The State Department criticized the Afghanistan government’s actions.
Hmm. No offense under investigation, no law broken, no case, no charges, and yet Rosenberg was brought in. I’m guessing the State Department criticism was something along the lines of “Who do you think you are, Ferguson?” At least he wasn’t teargassed.
Update: Just after this was posted, it was announced that Rosenberg has now been expelled from Afghanistan:
The attorney general of Afghanistan on Wednesday ordered the expulsion of an American correspondent for The New York Times, Matthew Rosenberg, and banned him from re-entering the country.
No, it’s not “Ferguson” there. Rosenberg is still alive. And, they have a military that uses deadly force on protesters, not just cops with tear … oops.
Or maybe Yemen–though in the case the journos were probably thrown out with the consent of the US.
The Sep 4-5 NATO Summit will definitely be a turning point, the most recent of many. Big decisions will be made in Wales about a faraway place and its people that the ex-colonials making the decisions don’t know diddly about. (I hope they don’t welsh on it.)
Will these stuffed shirts speak the truth and just say: F**k it, we lost, let’s get out. –Or will they paper over the defeat as Taliban retakes control of the country’s remote provinces. Who will be the last westerner to die for a lost cause? Nobody at the Wales summit, that’s for sure.
Secretary General Anders Fogh Rasmussen asserts that the summit takes place at another turning point in international relations and is “one of the most important” in Nato’s 65-year history, and SecState Kerry has also stated that the summit will be a ‘turning point’ for the Alliance. “We are at a crucial point in history: our peace and security are once again being tested …by Russia’s aggression against Ukraine.”
How about the nearly thirteen year US aggression against Afghanistan? What is that, chopped liver? The US didn’t like it when Russia attacked and occupied Afghanistan. I can do it better myself! –the US said, mistakenly.
Anyhow, back to turning points.
Other Afghan turning points are legendary.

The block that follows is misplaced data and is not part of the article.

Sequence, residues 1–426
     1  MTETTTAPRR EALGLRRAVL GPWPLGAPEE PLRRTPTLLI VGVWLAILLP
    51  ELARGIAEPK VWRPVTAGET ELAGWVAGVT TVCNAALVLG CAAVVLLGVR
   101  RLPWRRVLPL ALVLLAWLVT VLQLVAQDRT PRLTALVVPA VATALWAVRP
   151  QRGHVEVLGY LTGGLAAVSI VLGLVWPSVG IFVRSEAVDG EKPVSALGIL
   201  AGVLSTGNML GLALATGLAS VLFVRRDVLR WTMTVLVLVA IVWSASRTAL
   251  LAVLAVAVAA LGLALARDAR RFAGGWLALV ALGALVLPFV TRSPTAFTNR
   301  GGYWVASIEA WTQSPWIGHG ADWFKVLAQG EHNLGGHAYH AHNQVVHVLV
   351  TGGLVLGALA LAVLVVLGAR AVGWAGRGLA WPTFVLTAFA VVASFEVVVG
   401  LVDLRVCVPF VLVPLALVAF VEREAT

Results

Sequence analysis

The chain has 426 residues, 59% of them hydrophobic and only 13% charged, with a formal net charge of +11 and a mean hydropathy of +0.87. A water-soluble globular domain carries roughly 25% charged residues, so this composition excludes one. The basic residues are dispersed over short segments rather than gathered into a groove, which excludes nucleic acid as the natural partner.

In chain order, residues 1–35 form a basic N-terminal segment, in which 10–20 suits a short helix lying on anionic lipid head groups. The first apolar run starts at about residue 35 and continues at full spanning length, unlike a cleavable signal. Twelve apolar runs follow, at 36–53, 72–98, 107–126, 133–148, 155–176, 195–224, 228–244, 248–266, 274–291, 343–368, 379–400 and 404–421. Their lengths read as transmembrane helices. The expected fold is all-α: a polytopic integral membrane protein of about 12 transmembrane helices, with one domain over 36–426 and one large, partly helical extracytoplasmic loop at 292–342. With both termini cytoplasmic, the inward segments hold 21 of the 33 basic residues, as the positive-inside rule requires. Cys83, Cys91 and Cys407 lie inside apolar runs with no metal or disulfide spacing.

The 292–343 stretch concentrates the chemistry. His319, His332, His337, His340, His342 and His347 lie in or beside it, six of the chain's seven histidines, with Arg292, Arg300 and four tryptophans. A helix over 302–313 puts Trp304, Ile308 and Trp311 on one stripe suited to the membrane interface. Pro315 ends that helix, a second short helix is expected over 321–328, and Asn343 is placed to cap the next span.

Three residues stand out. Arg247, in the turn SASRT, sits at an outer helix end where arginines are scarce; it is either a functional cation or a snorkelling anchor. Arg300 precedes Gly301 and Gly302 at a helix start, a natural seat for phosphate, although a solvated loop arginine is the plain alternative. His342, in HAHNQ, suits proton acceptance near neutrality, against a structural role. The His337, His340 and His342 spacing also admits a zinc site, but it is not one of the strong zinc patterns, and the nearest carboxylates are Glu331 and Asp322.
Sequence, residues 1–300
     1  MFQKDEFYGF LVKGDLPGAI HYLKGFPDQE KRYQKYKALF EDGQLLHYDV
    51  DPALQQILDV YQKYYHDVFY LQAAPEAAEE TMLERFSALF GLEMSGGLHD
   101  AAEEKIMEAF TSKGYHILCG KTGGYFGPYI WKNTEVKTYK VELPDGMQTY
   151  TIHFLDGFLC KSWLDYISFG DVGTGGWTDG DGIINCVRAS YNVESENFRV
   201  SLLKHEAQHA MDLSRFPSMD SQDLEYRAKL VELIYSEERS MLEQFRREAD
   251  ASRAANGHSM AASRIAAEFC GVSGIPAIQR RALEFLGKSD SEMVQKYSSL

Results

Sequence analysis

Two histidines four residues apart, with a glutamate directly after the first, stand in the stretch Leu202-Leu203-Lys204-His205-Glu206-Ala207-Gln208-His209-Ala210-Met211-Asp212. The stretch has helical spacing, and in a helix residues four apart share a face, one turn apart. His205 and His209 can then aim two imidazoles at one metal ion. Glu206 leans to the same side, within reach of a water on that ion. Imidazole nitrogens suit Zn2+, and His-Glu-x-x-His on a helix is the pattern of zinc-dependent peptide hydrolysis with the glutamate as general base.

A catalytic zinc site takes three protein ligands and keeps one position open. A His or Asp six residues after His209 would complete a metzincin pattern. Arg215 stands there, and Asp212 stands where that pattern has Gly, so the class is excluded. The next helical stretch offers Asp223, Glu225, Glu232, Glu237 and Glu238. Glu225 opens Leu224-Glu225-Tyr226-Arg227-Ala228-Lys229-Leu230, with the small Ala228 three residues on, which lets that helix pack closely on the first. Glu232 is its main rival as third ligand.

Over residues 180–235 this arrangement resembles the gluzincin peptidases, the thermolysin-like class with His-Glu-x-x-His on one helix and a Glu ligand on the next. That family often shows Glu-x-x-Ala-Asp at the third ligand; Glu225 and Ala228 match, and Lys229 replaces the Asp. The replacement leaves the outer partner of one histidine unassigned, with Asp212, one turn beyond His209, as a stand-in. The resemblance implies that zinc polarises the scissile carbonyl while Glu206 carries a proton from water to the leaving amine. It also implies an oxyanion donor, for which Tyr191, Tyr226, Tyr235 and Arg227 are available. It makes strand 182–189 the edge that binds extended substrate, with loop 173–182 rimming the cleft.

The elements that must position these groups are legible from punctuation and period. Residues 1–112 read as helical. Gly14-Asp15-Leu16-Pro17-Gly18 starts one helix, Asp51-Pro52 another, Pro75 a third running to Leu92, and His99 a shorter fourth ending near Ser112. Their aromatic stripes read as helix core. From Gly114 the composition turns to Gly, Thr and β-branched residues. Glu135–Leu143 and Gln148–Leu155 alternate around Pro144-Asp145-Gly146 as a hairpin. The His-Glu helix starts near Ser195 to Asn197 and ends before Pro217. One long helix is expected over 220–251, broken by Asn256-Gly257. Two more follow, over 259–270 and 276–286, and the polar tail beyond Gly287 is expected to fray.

*Jun 16, 2014: Dunford: The next several weeks will be important.
*May 2, 2014: Dempsey Calls Election ‘Turning Point’ for Afghan Forces
*Mar 27, 2014: Obama: 2014, therefore, is a pivotal year
*Apr 5, 2014: Gateway House: Afghanistan: At a Turning Point
*Apr 2, 2014: Kerry called the elections “a pivotal moment after more than a decade of sacrifice and struggle.”
*Nov 15, 2013: Hillary Clinton: ‘Turning point’ for Afghan women
*May 3, 2013: Kerry: This is a pivotal moment for both Afghanistan and Pakistan
*Mar 8, 2013: Hagel: I believe that we are at a very important moment in this campaign
*Mar 8, 2013: NYPost: [Hagel’s] unannounced visit comes at a turning point in the conflict.
*Dec 12, 2012: Panetta: We’re at a turning point. You know, we’ve been in war for 10 1/2 years, almost 11 years, since 9/11. It’s the longest period of warfare in the history — continuous period of warfare in the history of this country. And we’re now seeing a turning point: brought the war in Iraq to an end. In Afghanistan, where I’ll go next, get a chance to look at the campaign plan that General Allen put in place to ultimately draw down in Afghanistan by the end of 2014.
*Dec 14, 2012: Panetta: In many ways, look, we’re at a turning point.
*Nov 20, 2012: Panetta: We are at a turning point after 10 years of war — over 10 years of war.
*Sep 27, 2012: Panetta: We did turn a very important corner.
*Sep 17, 2012: Panetta: Let me just say a few things. As I’ve said before, I think we’re at a turning point, certainly after 10 years of war,